So yea, the "R-Street" tires really aren't that far behind some of their R-Comp counterparts. For DE's especially, I don't really see any reason to deviate from tires like the Star Specs. I can't really comment on tires like the BFG R1 or Hoosier A/R7's, but I know for certain that they won't have as consistent of a grip level as some of the R-Street's and they're definitely a lot more expensive for a less durable tire.

                Thanks for the advice guys. I think you are right and i may stick with RS-4's.
                sigpic
                1991 318is S52
                1987 325i Vert
                1991 325i
                2011 e70 X5

                Need Anything E30? -> http://www.gutenparts.com/

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                  #9
                  Another consideration is that the stickier the tire, the more stress you're putting on the chassis during cornering. May not seem like a problem, but it may become an issue.
                  Last edited by c0rbin9; 04-24-2017, 11:28 AM.
                  1991 318is Brillantrot daily driver (slow restoration)

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                    #10
                    For the street the Hankooks are pretty hard to beat. AutoXing, true R compounds with a treadwear of 40 or less will be fastest, and you might get a season out of them before they either cord or heat cycle out. On the Street you will chew them up in a heartbeat. The upside is that they heat up fast. For track use I like Toyo RA1s, or something like them. They have a higher treadwear and a higher tolerance for heat, but take longer than softer tires to heat up.

                    It really depends on what you are doing with the car.

                    Will
                    '59 Alfa Romeo 101.02 Giulietta Sprint
                    '69 Alfa Romeo 105.51 1750 GTV (R.I.P)
                    '69 Datsun 2000 roadster Vintage race car
                    '88 BMW M3

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                      #11
                      I have nitto nt01 r comps and driven them on the street often they are hard and vibrate alot through the steering wheel, but the grip is amazing but for the comfort I would have gone with rs3/4 Only reason why I bought the nt01 was that they were $100 cheaper than the rs3 at the time.

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                        #12
                        Bought the RS-4's. I've loved both versions of the RS-3's and after hearing everyones input it makes more sense to stick with street tires. Not like i'm winning some grand prize for HPDE's.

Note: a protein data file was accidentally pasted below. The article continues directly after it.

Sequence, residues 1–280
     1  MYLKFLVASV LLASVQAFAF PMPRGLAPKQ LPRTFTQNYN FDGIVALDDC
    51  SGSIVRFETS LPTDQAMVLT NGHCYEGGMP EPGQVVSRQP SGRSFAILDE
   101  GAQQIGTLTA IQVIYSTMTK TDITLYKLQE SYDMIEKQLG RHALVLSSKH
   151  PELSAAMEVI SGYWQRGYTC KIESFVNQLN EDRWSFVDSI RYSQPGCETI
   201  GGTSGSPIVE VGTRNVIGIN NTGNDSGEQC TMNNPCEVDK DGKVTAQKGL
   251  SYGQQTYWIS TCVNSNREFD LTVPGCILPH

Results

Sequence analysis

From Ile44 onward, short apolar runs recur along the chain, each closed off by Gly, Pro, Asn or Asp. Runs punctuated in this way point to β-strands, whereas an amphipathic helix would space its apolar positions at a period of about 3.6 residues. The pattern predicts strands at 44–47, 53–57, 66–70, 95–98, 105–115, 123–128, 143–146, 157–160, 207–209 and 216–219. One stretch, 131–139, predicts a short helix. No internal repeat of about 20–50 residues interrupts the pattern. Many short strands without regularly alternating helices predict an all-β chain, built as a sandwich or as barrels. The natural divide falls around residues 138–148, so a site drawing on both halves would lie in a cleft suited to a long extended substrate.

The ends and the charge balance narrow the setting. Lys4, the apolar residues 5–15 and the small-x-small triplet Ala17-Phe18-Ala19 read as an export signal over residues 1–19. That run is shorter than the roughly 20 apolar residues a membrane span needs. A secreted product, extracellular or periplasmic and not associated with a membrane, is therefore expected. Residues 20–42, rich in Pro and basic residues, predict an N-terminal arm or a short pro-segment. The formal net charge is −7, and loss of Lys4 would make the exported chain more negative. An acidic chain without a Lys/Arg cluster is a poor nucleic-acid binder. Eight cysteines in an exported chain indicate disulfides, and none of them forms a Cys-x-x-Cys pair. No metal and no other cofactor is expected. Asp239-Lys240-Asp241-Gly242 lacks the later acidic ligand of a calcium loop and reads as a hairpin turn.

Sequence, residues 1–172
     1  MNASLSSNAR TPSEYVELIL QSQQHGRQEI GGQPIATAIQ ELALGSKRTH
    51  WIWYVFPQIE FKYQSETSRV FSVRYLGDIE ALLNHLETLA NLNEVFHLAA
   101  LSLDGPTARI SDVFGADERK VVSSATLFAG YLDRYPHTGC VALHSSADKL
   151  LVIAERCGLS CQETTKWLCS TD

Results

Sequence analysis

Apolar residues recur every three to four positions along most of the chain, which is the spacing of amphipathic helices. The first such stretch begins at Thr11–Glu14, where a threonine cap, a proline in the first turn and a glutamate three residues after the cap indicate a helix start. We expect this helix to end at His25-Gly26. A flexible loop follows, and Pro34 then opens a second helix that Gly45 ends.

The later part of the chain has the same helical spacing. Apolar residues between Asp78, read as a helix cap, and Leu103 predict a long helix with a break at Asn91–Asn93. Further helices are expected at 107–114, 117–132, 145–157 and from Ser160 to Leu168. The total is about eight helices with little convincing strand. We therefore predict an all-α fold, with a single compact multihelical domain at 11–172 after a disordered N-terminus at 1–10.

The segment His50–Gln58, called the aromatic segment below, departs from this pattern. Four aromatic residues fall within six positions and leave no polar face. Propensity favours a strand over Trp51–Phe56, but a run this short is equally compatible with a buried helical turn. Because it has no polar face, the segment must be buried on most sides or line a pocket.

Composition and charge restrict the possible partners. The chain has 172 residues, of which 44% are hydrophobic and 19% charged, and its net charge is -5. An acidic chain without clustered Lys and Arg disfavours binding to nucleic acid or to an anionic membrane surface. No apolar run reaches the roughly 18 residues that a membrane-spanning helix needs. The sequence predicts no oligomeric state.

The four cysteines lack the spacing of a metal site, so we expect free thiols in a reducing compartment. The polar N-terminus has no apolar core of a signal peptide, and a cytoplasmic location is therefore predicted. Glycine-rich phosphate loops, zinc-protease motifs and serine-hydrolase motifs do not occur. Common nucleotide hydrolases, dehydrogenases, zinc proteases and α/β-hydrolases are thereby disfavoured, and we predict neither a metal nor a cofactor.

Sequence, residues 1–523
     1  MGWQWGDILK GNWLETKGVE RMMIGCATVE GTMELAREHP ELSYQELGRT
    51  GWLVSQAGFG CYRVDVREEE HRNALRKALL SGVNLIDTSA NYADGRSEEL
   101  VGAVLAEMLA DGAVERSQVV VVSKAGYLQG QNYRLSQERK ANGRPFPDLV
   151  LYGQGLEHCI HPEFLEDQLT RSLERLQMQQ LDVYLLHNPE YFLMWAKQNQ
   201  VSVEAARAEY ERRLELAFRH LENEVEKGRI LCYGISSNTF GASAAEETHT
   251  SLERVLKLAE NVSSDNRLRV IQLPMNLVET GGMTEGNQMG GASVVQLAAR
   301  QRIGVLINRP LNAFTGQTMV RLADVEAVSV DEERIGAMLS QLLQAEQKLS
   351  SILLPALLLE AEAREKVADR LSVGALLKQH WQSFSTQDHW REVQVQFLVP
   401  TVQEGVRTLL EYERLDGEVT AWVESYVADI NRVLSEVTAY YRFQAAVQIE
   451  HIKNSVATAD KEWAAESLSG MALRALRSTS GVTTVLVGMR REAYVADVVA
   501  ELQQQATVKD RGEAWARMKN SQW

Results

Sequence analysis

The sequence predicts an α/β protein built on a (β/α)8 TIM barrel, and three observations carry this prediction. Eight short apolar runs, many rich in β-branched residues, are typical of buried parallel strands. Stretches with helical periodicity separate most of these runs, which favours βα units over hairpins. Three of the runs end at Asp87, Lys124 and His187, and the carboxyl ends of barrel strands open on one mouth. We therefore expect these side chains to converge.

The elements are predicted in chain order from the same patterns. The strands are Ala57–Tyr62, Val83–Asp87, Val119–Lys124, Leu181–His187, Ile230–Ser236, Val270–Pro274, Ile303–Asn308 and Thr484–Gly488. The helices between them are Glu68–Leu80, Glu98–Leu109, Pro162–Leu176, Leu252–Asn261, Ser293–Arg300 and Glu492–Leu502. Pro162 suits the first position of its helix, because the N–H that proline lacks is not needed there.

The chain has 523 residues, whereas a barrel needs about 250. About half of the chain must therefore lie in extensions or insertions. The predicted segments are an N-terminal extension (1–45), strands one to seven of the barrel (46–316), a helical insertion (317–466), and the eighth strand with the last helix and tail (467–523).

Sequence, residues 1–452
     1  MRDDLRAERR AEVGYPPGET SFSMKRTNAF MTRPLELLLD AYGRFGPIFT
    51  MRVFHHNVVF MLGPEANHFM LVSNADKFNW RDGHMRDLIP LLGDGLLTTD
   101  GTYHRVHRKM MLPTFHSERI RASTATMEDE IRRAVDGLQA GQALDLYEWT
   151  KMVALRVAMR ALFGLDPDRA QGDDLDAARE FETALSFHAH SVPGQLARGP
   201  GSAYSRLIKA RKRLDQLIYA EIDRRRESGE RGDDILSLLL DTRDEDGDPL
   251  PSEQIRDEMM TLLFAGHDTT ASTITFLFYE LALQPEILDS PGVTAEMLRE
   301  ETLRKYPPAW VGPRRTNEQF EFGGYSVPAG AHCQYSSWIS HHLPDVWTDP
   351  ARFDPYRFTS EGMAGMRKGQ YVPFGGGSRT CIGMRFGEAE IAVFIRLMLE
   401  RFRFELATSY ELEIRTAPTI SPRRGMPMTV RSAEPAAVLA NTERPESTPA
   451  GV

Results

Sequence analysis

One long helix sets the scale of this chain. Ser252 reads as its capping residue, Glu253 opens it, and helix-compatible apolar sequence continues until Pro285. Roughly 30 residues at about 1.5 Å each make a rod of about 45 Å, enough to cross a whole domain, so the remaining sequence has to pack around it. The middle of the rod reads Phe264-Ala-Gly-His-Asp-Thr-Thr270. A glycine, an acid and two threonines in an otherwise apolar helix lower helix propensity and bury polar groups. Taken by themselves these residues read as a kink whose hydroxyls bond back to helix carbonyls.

I'll let you guys know my impressions of the new RS-4's though and thanks for the suggestions everyone.
                        sigpic
                        1991 318is S52
                        1987 325i Vert
                        1991 325i
                        2011 e70 X5

                        Need Anything E30? -> http://www.gutenparts.com/

                        Comment


                          #13
                          I think everyone's curious to see how the R-S4s are!

                          Originally posted by whysimon
                          WTF is hello Kitty (I'm 28 with no kids and I don't have cable)

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                            #14
                            If you want to try out some RR's after heat cycling without breaking the bank, many SM and SE30's will leave throw-away at the tire changing guy at the track - or ask around, they sell cheap used. They will be 205's, but they will be fine on 8".
                            john@m20guru.com
                            Links:
                            Transaction feedback: Here, here and here. Thanks :D

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                              #15
                              We run R888's on our track car. It's all I've run besides some really old Falken Azenis on my first track day years ago. They changed the compound last year on the R888's and we have not had any issues with the "ring of death" that we used to get.

                              This is 2 guys running back to back sessions in Intermediate and Advanced for 6-10 track days per year. We replace them at the rate of about 1.25 sets/year, so they take some serious abuse and tons of heat cycles. For HDPE's I don't think it matters, but we may be a little slower once they have lots of heat cycles on them. We will have to see how the new compound holds up this year, but they felt great for the final HDPE we did last year.